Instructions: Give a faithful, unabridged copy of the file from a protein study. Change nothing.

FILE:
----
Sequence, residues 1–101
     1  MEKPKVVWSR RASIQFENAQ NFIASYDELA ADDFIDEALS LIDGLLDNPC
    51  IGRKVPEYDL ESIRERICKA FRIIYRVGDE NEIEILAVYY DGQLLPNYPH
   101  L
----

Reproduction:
Sequence, residues 1–101
     1  MEKPKVVWSR RASIQFENAQ NFIASYDELA ADDFIDEALS LIDGLLDNPC
    51  IGRKVPEYDL ESIRERICKA FRIIYRVGDE NEIEILAVYY DGQLLPNYPH
   101  L